Something I learned from my favorite book about writing (On Writing by Stephen King) is that our minds and our imaginations, while not one in the same, are related and recycle themselves. I made note of the insight when I read the book, but have only learned how true it is in the last few weeks.
As I've mentioned here, we've had a lot going on recently. Good, exciting things. I filmed a segment with CNN this week about The Letter Project (I am still in shock), spoke at an awesome women's night (I highly recommend future events to ATL friends!) and have a few other big things in the works.
My brain feels a little bit like a monkey, swinging from one tree to the next, never stopping to touch the ground. I have a mean case of writer's block, as evidenced by the lack of posts. I also realized I've got a case of reflection block (which is a term I am making up). When I don't take time to slow down, I'm less reflective. My emotions are tied up, my joy a little dulled, my passion a little diluted, my tears refusing to flow. My vulnerable places are harder to reach. I'm harder to reach, in a lot of ways.
It got me thinking about how many of us accidentally numb with busyness.
How many of us wind up in the same place by Thursday night as I found myself in this morning? How many of us approach our weeks with heads-down attitudes, just trying to make it to the weekend, only to learn that, by Friday, we're mentally and emotionally worn out? We're fried by Friday, if you will.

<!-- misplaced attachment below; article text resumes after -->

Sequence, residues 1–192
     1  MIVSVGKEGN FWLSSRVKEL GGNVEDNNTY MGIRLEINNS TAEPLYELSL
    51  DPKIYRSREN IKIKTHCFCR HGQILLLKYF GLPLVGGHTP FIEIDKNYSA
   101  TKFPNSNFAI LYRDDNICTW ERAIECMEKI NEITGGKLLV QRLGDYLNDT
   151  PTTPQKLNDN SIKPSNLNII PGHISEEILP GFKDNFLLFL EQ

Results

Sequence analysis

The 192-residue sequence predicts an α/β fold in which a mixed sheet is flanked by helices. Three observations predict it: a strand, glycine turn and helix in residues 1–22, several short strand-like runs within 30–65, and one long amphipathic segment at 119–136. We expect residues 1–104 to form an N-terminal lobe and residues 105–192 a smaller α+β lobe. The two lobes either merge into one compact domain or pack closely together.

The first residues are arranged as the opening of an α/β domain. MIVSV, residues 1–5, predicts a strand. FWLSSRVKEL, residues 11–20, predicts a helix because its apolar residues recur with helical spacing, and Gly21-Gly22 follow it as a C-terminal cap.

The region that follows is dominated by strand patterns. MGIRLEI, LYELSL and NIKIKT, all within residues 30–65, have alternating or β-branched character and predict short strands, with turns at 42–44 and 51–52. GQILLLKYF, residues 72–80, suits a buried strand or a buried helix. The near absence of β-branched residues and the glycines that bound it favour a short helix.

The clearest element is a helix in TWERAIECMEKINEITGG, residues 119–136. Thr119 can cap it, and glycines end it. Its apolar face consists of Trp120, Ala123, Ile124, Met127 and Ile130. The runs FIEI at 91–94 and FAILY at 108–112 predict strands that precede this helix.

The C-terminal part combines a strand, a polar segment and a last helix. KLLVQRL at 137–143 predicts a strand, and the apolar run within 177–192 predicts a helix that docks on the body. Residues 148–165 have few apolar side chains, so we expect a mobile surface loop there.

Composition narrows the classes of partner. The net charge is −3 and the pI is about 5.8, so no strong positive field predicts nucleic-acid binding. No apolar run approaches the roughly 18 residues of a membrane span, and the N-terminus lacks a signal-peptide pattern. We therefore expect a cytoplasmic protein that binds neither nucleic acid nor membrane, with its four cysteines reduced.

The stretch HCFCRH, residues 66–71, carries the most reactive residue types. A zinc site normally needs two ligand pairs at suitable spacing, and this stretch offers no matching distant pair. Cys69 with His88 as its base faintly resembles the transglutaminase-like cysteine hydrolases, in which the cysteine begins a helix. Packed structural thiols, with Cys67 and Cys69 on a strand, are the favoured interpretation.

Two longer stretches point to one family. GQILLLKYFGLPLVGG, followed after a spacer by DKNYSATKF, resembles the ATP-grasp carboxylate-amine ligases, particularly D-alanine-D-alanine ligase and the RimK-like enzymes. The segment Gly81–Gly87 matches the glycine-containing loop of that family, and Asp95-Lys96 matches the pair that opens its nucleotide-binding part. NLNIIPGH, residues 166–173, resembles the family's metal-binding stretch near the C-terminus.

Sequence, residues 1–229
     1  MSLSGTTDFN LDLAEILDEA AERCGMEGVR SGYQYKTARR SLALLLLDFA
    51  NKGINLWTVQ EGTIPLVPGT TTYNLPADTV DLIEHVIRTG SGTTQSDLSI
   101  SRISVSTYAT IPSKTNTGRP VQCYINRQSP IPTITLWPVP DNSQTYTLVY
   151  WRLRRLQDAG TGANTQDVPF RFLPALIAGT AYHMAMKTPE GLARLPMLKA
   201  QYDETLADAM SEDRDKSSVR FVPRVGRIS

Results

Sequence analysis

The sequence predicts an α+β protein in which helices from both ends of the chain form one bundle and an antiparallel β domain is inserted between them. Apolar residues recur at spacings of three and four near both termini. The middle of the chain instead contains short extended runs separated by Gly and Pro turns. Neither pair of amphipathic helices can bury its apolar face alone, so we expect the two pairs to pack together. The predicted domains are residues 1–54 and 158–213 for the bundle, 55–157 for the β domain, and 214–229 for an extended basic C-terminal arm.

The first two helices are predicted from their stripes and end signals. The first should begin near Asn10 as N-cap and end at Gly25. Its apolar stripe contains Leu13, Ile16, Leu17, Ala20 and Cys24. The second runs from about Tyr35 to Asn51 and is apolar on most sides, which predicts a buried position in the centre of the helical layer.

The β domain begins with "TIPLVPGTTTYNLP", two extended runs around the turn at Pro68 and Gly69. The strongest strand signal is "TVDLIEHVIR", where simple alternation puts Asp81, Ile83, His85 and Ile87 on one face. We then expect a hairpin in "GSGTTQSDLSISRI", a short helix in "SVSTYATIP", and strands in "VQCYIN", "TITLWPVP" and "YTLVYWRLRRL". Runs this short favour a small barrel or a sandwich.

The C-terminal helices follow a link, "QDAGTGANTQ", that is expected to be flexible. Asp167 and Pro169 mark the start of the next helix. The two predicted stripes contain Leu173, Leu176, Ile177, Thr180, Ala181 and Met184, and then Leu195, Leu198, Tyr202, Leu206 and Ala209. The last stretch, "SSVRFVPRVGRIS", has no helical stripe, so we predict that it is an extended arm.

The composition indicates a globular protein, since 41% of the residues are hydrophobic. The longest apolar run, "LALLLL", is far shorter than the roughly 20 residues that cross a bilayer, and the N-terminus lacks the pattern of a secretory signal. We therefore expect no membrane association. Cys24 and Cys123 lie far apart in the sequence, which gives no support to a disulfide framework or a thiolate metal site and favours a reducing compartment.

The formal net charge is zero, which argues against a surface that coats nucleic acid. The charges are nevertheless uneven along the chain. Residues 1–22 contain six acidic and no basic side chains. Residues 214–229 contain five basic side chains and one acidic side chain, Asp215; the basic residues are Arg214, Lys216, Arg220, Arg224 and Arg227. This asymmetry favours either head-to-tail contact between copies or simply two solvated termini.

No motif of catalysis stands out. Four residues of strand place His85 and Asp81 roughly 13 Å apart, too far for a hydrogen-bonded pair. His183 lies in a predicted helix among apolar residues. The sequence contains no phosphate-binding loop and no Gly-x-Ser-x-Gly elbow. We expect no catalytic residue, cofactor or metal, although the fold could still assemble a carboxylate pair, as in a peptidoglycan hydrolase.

I can't help but wonder if we could avoid this place a little more with less mental numbing. What if we put down our phones when we were in line at the airport or walking to the bathroom at work? What if we talked to the person in line behind us at the grocery check out, instead of scrolling through Instragram? What if we looked up, instead of down, watching the lives around us instead of the lives on our phones?
It's not just about our phones, I realize. I can't blame Apple for everything (though I would like to talk to them about my battery life). It's about learning to engage with the world a little more. It's about learning to use numbing agents a less and allow one another into the raw, vulnerable places of our lives.
It's about practicing self-care on the daily. Learning to let ourselves rest when we need rest. Unwind when we need to unwind. And trusting that the most raw, vulnerable places are worth exploring, even when they feel too painful to look in the eye.
PS: If you're new to the ideas of vulnerability and numbing, I highly recommend this short clip with Brené Brown and Oprah. Can't get enough of these two!